Sea is getting bigger as we are moving further away from Bermuda. Waves are 3-4m and quite short pitched, throwing us around, and we are rolling accordingly. When gusts hit us, we surf nicely at 11kts, and that is quite thrilling. And we clocked 23nm on our first 2.5hrs of log.
At first we set our course slightly more east than one would normally go for Antigua, plan being to hit the trade winds on a better angle in the coming days. But then Glen finds that sailing on the rhum line is much faster and more stable. And certainly a more thrilling ride.
Not so thrilling for me though. The motion is not one that suits me and I start to feel queasy. Well, we only have 12 more hours of this then we will likely be motoring for a day across the high pressure zone till we hit the easterly trades.
On AIS we finally see Gale coming away from the island. Then, all of a sudden her AIS icon has a dotted outline (never seen that before) and is pointing back to Bermuda. We call them on VHF. They are not actually returning to Bermuda. They have a problem with their electronics. The AIS is not transmitting any navigation information, like COG, Heading, SOG. But it is transmitting identification and position OK. So for the rest of the day, Gale’s AIS icon on our screen looks like they are reversing at 10-12 kts all the way to the BVIs!
Soon we are very much out of Bermuda’s shelter. The waves are massive, averaging 4 m but the odd one at 5m plus. So every now and then we severely roll when a particularly steep one takes us side on. One of these throws me off the cockpit seat! Then later on Glen is one second getting something from a drawer on the starboard side and next thing has slid across the saloon carpet into the galley on the port side. And when he looks up, I am on the cockpit floor rubbing her head – I was thrown off the seat yet again!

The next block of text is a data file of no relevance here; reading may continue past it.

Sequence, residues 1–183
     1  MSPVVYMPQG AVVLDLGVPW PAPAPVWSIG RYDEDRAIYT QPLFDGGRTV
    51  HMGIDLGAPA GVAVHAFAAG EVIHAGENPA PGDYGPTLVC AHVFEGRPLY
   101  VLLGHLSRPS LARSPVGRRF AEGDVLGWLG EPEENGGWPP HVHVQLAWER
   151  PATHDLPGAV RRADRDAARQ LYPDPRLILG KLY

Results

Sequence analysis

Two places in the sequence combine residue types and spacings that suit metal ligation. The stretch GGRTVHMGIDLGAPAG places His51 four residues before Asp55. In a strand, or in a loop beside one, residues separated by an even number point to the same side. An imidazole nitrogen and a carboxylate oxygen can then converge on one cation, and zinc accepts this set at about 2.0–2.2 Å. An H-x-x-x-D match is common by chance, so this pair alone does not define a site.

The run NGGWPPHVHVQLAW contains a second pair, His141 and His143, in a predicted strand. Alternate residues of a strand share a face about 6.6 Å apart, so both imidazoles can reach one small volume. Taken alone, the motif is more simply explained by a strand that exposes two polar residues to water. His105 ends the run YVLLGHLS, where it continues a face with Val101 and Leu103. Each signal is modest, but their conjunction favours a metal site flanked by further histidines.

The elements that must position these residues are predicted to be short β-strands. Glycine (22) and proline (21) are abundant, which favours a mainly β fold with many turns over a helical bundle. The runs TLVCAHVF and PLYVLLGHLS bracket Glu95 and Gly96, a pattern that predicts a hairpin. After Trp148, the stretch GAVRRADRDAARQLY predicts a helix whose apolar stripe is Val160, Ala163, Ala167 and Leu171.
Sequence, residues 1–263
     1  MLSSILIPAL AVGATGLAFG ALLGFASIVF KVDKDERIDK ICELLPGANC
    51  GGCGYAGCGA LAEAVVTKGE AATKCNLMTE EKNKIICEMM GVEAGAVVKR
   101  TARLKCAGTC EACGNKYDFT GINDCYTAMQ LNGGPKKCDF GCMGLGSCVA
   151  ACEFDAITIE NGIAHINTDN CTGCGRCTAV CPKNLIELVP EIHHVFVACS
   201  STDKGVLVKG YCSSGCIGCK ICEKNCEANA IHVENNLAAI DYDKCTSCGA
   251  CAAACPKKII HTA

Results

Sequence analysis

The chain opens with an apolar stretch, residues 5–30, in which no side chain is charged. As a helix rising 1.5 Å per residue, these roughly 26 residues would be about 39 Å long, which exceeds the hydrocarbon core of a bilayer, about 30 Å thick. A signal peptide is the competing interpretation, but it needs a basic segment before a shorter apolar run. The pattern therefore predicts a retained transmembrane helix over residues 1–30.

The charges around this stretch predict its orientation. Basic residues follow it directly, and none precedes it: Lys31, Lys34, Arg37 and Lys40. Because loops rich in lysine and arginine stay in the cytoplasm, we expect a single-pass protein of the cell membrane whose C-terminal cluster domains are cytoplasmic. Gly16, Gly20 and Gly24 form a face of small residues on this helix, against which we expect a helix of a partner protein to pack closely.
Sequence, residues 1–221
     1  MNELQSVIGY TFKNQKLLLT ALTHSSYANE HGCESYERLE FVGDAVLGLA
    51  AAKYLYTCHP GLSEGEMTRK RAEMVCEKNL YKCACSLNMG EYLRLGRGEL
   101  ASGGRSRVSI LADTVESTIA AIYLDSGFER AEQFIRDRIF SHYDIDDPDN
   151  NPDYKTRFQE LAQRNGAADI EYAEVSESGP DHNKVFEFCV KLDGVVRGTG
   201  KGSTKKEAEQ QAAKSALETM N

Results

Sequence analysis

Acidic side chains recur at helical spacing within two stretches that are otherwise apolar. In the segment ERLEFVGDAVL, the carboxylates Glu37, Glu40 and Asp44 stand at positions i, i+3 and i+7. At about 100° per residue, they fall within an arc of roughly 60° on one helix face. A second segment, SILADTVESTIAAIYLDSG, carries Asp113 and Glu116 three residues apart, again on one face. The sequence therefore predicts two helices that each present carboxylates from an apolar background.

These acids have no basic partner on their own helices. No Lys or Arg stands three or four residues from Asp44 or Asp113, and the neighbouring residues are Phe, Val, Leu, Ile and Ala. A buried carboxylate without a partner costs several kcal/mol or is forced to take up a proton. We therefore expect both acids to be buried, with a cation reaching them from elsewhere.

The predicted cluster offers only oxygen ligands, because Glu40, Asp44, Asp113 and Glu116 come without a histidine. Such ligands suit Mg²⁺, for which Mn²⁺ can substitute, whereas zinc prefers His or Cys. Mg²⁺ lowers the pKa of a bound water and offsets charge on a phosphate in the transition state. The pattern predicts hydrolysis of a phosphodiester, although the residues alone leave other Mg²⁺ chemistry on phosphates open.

It’s a wild and rather uncomfortable ride but we are churning up the miles. 7 hours into the trip we already have 60 miles done. And seeing 9-12 kts starts to feel the norm. We should probably reef, but what the hell, the boat is made for this type of punishment, so let’s get the miles done. Its not often we can average 9kts all in the right direction!
Sunset is the classic mid Atlantic version, into the clouds an hour before setting with shafts of light coming through the clouds. Then gone. Only to poke it’s little redhead momentarily below the cloud line a minute before disappearing into the waves.
The wind is getting lighter now, 13-14 kts with the occasional gust to 18. But the sea is still up and banging the sails and rig around now that they don’t have enough wind to pin them down. So Glen puts the autohelm to steer by the wind, setting it at 105 deg off the wind. That did the trick, now we have good speed in this light wind and the sails are staying full. We are now going 5deg west of the rhum line, but no matter, we’ll fix that when we have to motor, tomorrow.
Interestingly we get another VHF call from Gheko who is now some 15-20 miles behind us. He thinks we must be motoring. When Glen tells him “no, we are still sailing” he comes back with “then you must have more wind than us, or if not how are you set up?”. Glen explains to him how we are sailing. We guess Cloudy Bay is no slouch in light winds! It’s also good that he can still see us on AIS. We lost Gheko off our screen when he was only 7 miles behind.
So continues the evening, with a moon rise just before midnight and seas getting calmer. Wind is down to 10-12 knots true. And we are doing a nice 6-7kts in 8kts apparent. Not bad at all.